2. S. Carretero-Palacios, O. Mahboub, F. J. Garcia-Vidal, L. Martin-Moreno, S. G. Rodrigo, C. Genet, and T. W. Ebbesen, “Mechanisms for extraordinary optical transmission through bull’s eye structures,” Opt. Express 19(11), 10429–10442 (2011). [CrossRef] [PubMed]
4. D. W. Kim, Y. C. Kim, O. Suwal, V. Jha, M. J. Park, and S. S. Choi, “Optimization of light-surface plasmon coupling by periodicity regulation for a pyramidal probe,” Mater. Sci. Eng. B 149(3), 242–246 (2008).
5. N. Bonod, E. Popov, D. Gérard, J. Wenger, and H. Rigneault, “Field enhancement in a circular aperture surrounded by a single channel groove,” Opt. Express 16(3), 2276–2287 (2008). [CrossRef] [PubMed]
6. K. Y. Kim, A. V. Goncharenko, J. S. Hong, and K. R. Chen, “Near-field characterization on light emanated from subwavelength plasmonic double slit of finite length,” J. Opt. Soc. Korea 15, 196–201 (2011).
7. H. Nasari and M. S. Abrishamian, “Active focusing of light in plasmonic lens via Kerr effect,” J. Opt. Soc. Korea 16, 305–312 (2012).
8. J. H. Lee, S. K. Hong, and S. W. Nam, “Cooperative spontaneous emission from nanocrystals to a surface plasmon polariton in a metallic nanowire,” J. Opt. Soc. Korea 15, 407–414 (2011).
9. H. J. Lezec, A. Degiron, E. Devaux, R. A. Linke, L. Martin-Moreno, F. J. Garcia-Vidal, and T. W. Ebbesen, “Beaming light from a subwavelength aperture,” Science 297(5582), 820–822 (2002). [CrossRef] [PubMed]
10. F.-F. Ren, K.-W. Ang, J. Ye, M. Yu, G.-Q. Lo, and D.-L. Kwong, “Split bull’s eye shaped aluminum antenna for plasmon-enhanced nanometer scale germanium photodetector,” Nano Lett. 11(3), 1289–1293 (2011). [CrossRef] [PubMed]
11. L. Martín-Moreno, F. J. García-Vidal, H. J. Lezec, A. Degiron, and T. W. Ebbesen, “Theory of highly directional emission from a single subwavelength aperture surrounded by surface corrugations,” Phys. Rev. Lett. 90(16), 167401 (2003). [CrossRef] [PubMed]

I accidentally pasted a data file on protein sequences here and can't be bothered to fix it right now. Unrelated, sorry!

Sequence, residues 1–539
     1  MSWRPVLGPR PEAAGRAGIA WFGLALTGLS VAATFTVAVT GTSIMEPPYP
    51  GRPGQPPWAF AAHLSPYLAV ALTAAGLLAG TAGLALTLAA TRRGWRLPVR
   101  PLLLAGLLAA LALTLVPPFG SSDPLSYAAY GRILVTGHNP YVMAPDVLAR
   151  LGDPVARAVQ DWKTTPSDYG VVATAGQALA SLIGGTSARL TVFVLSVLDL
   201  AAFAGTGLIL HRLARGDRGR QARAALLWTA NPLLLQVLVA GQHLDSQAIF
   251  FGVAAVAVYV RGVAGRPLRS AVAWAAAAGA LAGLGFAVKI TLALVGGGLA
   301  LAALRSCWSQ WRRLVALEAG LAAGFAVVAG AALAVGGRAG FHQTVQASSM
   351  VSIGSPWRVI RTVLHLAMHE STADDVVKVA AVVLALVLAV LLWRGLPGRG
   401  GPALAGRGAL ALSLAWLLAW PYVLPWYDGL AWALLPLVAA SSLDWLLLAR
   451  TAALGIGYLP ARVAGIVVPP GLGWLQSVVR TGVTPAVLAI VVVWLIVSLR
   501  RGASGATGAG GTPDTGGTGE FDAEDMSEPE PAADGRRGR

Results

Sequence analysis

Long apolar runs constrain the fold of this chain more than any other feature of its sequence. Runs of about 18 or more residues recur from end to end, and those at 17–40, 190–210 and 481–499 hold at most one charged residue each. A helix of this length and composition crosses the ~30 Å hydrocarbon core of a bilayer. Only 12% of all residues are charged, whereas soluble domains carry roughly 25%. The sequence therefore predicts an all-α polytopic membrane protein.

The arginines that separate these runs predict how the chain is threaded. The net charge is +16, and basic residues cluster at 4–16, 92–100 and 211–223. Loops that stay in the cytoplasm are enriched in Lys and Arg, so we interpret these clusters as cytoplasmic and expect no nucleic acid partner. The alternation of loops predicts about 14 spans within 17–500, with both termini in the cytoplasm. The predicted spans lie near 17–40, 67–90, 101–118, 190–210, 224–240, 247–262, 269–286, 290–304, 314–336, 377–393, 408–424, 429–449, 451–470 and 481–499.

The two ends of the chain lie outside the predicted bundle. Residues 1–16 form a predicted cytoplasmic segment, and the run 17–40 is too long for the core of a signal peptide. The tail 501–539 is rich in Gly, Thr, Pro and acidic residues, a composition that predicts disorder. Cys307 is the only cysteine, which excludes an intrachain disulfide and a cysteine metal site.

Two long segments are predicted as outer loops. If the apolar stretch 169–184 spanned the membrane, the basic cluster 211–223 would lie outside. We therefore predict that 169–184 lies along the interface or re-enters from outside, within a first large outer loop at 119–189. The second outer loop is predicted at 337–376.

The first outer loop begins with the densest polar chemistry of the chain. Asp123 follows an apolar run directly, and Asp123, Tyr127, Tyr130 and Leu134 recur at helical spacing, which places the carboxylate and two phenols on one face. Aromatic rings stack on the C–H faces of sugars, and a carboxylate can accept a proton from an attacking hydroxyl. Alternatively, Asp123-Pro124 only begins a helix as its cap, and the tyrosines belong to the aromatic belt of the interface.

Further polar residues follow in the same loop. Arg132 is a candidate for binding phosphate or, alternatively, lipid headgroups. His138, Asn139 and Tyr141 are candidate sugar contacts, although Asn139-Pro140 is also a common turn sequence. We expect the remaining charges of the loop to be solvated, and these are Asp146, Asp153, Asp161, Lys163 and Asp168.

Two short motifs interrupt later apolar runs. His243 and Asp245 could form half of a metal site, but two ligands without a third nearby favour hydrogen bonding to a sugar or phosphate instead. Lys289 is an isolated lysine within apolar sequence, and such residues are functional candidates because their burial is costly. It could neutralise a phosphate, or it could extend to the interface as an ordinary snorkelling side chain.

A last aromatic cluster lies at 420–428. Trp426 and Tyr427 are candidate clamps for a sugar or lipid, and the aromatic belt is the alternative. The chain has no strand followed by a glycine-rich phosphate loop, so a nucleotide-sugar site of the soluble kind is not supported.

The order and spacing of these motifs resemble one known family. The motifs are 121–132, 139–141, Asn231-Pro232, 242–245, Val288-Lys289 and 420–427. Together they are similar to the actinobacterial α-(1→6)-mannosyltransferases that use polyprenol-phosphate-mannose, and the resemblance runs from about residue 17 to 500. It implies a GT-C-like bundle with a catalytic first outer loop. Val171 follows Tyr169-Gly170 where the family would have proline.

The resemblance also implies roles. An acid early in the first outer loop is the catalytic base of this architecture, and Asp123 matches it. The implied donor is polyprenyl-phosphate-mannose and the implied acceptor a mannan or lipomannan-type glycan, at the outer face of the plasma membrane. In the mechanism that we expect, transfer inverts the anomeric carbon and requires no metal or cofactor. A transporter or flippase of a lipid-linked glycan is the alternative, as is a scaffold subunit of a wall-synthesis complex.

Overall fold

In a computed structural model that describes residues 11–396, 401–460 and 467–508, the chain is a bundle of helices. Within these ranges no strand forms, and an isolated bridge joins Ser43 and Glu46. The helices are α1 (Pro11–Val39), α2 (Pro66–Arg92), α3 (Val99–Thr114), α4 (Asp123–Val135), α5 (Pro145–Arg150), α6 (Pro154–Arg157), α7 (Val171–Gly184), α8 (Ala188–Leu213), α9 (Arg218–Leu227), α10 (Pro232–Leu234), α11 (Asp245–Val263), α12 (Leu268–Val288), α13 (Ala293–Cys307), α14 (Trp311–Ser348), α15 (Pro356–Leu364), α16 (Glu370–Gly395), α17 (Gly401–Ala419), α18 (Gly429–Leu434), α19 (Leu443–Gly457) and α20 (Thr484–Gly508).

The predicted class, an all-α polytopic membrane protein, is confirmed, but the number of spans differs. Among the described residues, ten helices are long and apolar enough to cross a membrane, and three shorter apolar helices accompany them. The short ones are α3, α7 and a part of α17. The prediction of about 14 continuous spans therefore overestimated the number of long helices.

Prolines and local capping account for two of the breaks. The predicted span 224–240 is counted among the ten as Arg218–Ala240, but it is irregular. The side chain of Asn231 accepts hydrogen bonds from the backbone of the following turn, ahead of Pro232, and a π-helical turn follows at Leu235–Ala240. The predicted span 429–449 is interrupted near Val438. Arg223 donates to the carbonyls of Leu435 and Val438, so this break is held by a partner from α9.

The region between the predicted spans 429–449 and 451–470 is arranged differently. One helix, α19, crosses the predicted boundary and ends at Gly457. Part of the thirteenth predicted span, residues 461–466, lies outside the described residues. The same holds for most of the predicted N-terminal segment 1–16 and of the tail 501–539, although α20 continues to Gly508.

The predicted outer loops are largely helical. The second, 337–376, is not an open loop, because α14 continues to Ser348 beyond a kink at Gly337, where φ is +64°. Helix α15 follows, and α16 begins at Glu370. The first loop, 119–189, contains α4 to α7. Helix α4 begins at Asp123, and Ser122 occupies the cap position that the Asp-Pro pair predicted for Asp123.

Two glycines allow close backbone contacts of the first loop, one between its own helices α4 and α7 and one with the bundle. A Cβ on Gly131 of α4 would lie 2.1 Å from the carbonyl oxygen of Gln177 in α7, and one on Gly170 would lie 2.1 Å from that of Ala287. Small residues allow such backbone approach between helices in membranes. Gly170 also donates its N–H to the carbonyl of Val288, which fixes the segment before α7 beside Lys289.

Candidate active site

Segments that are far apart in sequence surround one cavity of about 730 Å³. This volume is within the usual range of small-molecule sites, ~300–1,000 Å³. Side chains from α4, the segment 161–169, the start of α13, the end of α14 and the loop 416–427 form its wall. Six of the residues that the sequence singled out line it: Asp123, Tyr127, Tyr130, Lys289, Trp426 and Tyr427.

12. M. Pournoury, H. E. Arabi, and K. Oh, “Strong polarization dependence in the optical transmission through a bull’s eye with an elliptical sub-wavelength aperture,” Opt. Express 20(24), 26798–26805 (2012). [CrossRef] [PubMed]
13. O. Mahboub, S. C. Palacios, C. Genet, F. J. Garcia-Vidal, S. G. Rodrigo, L. Martin-Moreno, and T. W. Ebbesen, “Optimization of bull’s eye structures for transmission enhancement,” Opt. Express 18(11), 11292–11299 (2010). [CrossRef] [PubMed]
14. F. J. García-Vidal, H. J. Lezec, T. W. Ebbesen, and L. Martín-Moreno, “Multiple paths to enhance optical transmission through a single subwavelength slit,” Phys. Rev. Lett. 90(21), 213901 (2003). [CrossRef] [PubMed]
15. K. L. Shuford, M. A. Ratner, S. K. Gray, and G. C. Schatz, “Finite-difference time-domain studies of light transmission through nanohole structures,” Appl. Phys. B 84(1–2), 11–18 (2006). [CrossRef]
16. R. Gordon, A. G. Brolo, A. McKinnon, A. Rajora, B. Leathem, and K. L. Kavanagh, “Strong polarization in the optical transmission through elliptical nanohole arrays,” Phys. Rev. Lett. 92(3), 037401 (2004). [CrossRef] [PubMed]
17. K. J. K. Koerkamp, S. Enoch, F. B. Segerink, N. F. van Hulst, and L. Kuipers, “Strong influence of hole shape on extraordinary transmission through periodic arrays of subwavelength holes,” Phys. Rev. Lett. 92(18), 183901 (2004). [CrossRef] [PubMed]
18. C. K. Chang, D. Z. Lin, C. S. Yeh, C. K. Lee, Y. C. Chang, M. W. Lin, J. T. Yeh, and J. M. Liu, “Similarities and differences for light-induced surface plasmons in one- and two-dimensional symmetrical metallic nanostructures,” Opt. Lett. 31(15), 2341–2343 (2006). [CrossRef] [PubMed]
19. A. Degiron, H. J. Lezec, N. Yamamoto, and T. W. Ebbesen, “Optical transmission properties of a single subwavelength aperture in a real metal,” Opt. Commun. 239(1-3), 61–66 (2004). [CrossRef]
20. N. Sedoglavich, J. C. Sharpe, R. Künnemeyer, and S. Rubanov, “Polarisation and wavelength selective transmission through nanohole structures with multiple grating geometry,” Opt. Express 16(8), 5832–5837 (2008). [CrossRef] [PubMed]
22. H. J. Lezec, A. Degiron, E. Devaux, R. A. Linke, L. Martin-Moreno, F. J. Garcia-Vidal, and T. W. Ebbesen, “Beaming light from a subwavelength aperture,” Science 297(5582), 820–822 (2002). [CrossRef] [PubMed]